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about us: changing lives: successful children

Photo of Group of ChildrenA Recipe for Success in Hartford Classrooms

With a blend of teamwork and dedication, United Way continues to cook up a recipe for success for kids through its partnership with Hartford Public Schools, the Hartford Federation of Teachers, and Girls and Boys Town. Now in its third year, the partnership has brought Girls and Boys Town’s Classroom Management Program to 12 schools in Hartford, mixing social skills with classroom learning. The program has helped the participating schools reduce office referrals, after-school detentions and student misconduct. And what does this recipe all “boil” down to? Heartier portions of learning everyday.

Students proudly demonstrate their ability to follow directions during a performance at

Students proudly demonstrate their ability to follow directions during a performance at
United Way of the Capital Area.

Thanks to the Classroom Management Program, disruptive behavior has been reduced and students are acquiring skills that will help them in school and in life. For example, one school experienced such a dramatic reduction in office referrals that school staff saved 20 hours per month of time previously spent disciplining students.

In June, fourth- and fifth-grade students from Martin Luther King, Jr. Elementary School (MLK) demonstrated what they’ve learned from the program to community leaders, school administrators, and friends of United Way at a reception for Father Val Peter, executive director of Girls and Boys Town. The students did role playing of one of the social skills they have learned through the Classroom Management Program–following directions. Shirley Paddyfote, a fifth-grade teacher at MLK, topped off the presentation by sharing her classroom’s recipe for success.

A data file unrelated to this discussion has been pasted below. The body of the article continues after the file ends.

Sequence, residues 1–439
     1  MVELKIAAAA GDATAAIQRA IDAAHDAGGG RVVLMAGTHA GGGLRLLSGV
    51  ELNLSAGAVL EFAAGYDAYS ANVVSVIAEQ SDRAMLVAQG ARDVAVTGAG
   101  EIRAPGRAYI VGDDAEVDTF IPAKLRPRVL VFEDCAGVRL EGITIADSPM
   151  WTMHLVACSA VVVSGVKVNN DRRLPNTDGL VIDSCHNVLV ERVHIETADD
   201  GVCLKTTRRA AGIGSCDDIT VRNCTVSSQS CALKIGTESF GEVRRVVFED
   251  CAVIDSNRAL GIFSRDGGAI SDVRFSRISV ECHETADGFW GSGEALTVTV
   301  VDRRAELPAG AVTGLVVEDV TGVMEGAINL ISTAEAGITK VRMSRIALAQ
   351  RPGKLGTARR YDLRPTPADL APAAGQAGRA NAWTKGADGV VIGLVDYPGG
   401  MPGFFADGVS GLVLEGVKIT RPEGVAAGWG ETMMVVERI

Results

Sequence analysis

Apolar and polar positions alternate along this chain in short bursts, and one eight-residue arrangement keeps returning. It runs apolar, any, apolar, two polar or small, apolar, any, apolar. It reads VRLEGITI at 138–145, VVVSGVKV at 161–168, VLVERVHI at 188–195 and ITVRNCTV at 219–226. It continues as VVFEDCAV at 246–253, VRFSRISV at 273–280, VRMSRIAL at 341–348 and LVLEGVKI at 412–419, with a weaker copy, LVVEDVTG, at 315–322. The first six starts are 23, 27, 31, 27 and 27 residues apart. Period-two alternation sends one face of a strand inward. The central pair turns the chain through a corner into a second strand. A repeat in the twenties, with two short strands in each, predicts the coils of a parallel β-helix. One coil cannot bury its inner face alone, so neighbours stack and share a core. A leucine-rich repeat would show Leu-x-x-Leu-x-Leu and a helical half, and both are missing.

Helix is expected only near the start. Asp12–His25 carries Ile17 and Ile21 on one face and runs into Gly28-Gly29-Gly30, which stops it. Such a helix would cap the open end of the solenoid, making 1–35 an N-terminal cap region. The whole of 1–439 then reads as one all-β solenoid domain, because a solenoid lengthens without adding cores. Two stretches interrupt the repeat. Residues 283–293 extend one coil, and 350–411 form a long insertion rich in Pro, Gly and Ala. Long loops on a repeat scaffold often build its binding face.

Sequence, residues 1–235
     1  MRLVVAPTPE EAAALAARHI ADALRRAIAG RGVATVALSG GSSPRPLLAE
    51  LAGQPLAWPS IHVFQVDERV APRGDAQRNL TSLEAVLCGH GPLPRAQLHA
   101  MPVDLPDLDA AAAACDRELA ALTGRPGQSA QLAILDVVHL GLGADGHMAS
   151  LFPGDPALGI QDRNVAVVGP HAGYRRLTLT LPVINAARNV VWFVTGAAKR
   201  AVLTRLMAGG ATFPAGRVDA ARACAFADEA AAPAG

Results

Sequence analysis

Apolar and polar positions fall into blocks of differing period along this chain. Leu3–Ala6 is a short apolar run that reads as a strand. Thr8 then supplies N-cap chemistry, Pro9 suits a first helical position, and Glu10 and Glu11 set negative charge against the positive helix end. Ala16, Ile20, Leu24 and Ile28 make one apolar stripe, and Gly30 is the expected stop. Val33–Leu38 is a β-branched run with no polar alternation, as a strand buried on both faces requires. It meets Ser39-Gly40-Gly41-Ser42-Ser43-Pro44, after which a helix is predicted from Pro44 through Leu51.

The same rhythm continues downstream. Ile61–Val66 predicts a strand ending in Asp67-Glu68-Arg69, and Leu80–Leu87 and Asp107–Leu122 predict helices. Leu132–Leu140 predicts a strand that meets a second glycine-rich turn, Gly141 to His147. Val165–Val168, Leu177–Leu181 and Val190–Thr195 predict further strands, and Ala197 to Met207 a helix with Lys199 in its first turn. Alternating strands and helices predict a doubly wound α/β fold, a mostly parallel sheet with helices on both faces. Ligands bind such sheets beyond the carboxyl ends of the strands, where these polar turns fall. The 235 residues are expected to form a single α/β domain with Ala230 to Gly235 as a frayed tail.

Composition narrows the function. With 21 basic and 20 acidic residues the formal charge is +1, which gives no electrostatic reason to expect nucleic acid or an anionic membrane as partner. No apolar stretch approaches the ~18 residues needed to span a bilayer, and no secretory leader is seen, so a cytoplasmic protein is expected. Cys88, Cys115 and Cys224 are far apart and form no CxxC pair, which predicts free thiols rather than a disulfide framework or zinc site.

In addition to effective classroom management, another important ingredient for childhood success is effective parenting and family relationships. Toward that end, United Way, with additional support from Fleet Bank, is assisting The Village for Families and Children (a United Way-funded agency) in developing The Institute for Successful Parenting. Using Girls and Boys Town’s Common Sense Parenting program as the foundation of its curriculum, the Institute will help parents throughout the 40-town Capital Region raise responsible, healthy children.

“Common Sense Parenting provides practical strategies and tools for parents of all ages and backgrounds to help protect and nurture their children,” says Howard Garval, president and chief executive officer of The Village for Families and Children. “It focuses on setting clear expectations for children, teaching social skills and providing ways to help parents deal with issues such as the influence of the media and peer pressure.”

The partnerships that brought Girls and Boys Town’s Classroom Management Program and Common Sense Parenting to Hartford schools serve up generous amounts of positive learning and a safe and supportive community–made with care.

Open Airways for Schools

Student with Nurse

Wheezing, coughing, struggling just to keep breathing would be unimaginable – frightening – for most of us. For 11 year old Jaron Thomas (pictured left), sixth grader at St. Rose School in East Hartford, this struggle was a part of everyday life. Asthma kept Jaron from doing what other kids his age took for granted like playing outside with friends and going to school regularly. Every time he had an asthma attack, he feared he might die.

That was until Jaron participated in the American Lung Association of Connecticut’s Open Airways for Schools (OAS) program at school.  Through the program, Jaron learned how to better control his asthma, and, more importantly, how to participate in all of the activities that are a normal part of the lives of most children his age. Jaron no longer fears for his life every time he suffers from an asthma attack.